This article originally appeared on Lexology, and can be found here.
Article by Koen de Winter
The Belgian Act on the Protection of Trade Secrets (the "Act"), implementing the EU Directive 2016/943, was published in the Belgian Official Gazette on August 14, 2018. The new Act will enter into force on August 24, 2018. It will not apply to pending proceedings.
The Act introduces an enhanced (civil) level of protection of trade secrets against theft and illicit use. The key elements of the Act are set out below.
A. Definition of trade secrets
A trade secret is (i) secret information which has (ii) commercial value because it is secret and (iii) has been the object of reasonable measures to protect its secrecy. This definition is the same as the one used in the Directive and is potentially very broad: a trade secret can include a recipe, a chemical compound, a new manufacturing processes, a customer list, a marketing study and much more.
B. Unlawful acquisition, use and disclosure of trade secrets
Acquisition of a trade secret is unlawful when it results from unauthorised access to materials or other conduct which is contrary to “honest commercial practices”, or was acquired from a third party when the acquirer knew – or should have known - that the third party was acting unlawfully.
Use or disclosure of a trade secret is unlawful where it is in breach of any contractual or other duty (e.g. a confidentiality agreement) or where the trade secret was acquired unlawfully. Exploitation of infringing goods is unlawful if the person carrying out those activities knew - or should have known - that the trade secret was used unlawfully.
Lawful acts include independent discovery or reverse engineering and any other practice which is in accordance with “honest commercial practices”.
Trade secret owners who are the victims of a breach of their rights have a full array of provisional measures, corrective measures, expedited cease and desist orders, and proceedings on the merits at their disposal. Just to name a few: recall of the infringing goods from the market, cessation of unlawful use or disclosure, prohibition of the production or offering of infringing goods, destruction of infringing goods, and compensation for any prejudice: Whilst a trade secret is not an exclusive intellectual property right in se, these civil remedies available to enforce a trade secret are very similar to the ones available to the owners of an IP right, with the exception of the seizure-description which is excluded.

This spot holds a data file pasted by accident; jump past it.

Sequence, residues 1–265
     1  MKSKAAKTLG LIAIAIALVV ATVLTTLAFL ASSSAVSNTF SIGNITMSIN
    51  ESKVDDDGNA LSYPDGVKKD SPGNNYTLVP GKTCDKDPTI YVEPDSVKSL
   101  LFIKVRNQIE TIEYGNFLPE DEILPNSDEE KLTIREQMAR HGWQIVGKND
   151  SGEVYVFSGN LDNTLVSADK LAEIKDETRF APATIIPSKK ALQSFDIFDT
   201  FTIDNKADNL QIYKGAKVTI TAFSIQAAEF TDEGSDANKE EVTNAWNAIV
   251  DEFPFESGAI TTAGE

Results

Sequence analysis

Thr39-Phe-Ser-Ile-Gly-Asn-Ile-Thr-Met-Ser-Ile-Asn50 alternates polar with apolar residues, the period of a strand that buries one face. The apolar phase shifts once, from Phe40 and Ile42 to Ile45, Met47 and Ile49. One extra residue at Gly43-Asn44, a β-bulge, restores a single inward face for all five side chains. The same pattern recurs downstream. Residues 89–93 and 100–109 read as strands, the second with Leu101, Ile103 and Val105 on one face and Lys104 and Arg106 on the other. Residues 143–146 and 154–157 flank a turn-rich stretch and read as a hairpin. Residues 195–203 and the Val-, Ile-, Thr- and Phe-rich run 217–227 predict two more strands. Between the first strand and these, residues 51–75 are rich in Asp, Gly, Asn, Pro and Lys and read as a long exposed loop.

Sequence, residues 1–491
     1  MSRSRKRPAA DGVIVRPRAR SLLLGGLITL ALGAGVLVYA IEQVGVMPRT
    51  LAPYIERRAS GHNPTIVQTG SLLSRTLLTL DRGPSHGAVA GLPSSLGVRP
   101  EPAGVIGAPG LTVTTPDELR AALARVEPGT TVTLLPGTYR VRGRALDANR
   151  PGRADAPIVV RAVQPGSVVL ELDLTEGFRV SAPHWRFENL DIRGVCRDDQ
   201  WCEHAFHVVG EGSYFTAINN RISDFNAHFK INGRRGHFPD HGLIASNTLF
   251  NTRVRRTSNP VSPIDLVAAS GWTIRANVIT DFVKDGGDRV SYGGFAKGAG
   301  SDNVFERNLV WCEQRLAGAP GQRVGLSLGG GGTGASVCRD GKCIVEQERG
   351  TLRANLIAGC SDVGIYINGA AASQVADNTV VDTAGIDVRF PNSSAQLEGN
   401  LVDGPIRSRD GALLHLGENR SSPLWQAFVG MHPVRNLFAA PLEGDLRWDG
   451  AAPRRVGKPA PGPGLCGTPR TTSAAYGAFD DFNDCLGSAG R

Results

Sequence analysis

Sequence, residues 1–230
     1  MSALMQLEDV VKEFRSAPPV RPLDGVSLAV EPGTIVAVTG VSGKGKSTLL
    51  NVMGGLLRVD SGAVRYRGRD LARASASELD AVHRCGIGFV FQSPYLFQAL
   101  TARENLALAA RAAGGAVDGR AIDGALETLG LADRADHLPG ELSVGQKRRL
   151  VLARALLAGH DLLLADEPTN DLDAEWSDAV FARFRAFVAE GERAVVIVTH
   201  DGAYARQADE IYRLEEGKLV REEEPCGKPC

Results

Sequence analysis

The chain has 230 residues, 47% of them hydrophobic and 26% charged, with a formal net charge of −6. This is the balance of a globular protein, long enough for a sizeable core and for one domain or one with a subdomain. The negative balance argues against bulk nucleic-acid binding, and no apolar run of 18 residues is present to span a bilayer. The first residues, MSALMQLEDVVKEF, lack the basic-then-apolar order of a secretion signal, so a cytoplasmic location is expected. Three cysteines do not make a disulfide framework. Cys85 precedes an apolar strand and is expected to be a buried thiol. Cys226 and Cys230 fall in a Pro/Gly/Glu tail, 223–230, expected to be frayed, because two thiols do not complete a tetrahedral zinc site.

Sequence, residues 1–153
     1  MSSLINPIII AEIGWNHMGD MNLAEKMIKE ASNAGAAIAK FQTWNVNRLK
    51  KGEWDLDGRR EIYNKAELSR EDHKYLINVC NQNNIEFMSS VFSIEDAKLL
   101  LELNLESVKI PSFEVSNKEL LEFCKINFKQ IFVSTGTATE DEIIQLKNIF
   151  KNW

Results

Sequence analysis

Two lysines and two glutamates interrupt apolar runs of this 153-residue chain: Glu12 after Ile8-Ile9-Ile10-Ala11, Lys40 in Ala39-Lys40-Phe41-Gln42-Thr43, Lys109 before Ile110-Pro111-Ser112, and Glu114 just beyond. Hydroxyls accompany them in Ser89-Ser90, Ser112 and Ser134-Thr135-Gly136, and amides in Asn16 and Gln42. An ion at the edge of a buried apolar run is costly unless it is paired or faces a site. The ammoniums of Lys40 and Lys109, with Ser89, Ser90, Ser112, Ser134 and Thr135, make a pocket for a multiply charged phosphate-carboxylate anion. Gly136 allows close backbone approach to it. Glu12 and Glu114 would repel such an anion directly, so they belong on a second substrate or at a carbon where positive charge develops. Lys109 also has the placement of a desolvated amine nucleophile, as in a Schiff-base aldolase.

D. The preservation of the confidentiality of trade secrets during and after legal proceedings
Importantly, the Act provides that the court can order measures for the preservation of certain confidential information during and after the legal proceedings. The court may submit the parties, their lawyers, court staff, witnesses, experts and any other person participating in the legal proceedings to a duty of confidentiality, under the penalty of fines in addition to potential damages.
The court may also restrict access (i) to any document containing (alleged) trade secrets (ii) or to hearings where (alleged) trade secrets may be disclosed, to a limited number of persons, or produce a non-confidential version of any judicial decision, in which the passages containing trade secrets have been removed or redacted.
Practical steps to protect trade secrets include (i) identify trade secrets (strategic information considered confidential) within your company, (ii) create and maintain a trade secrets inventory, (iii) implement protective contractual, physical and technical organizational measures, and (iv) create a misappropriation action plan.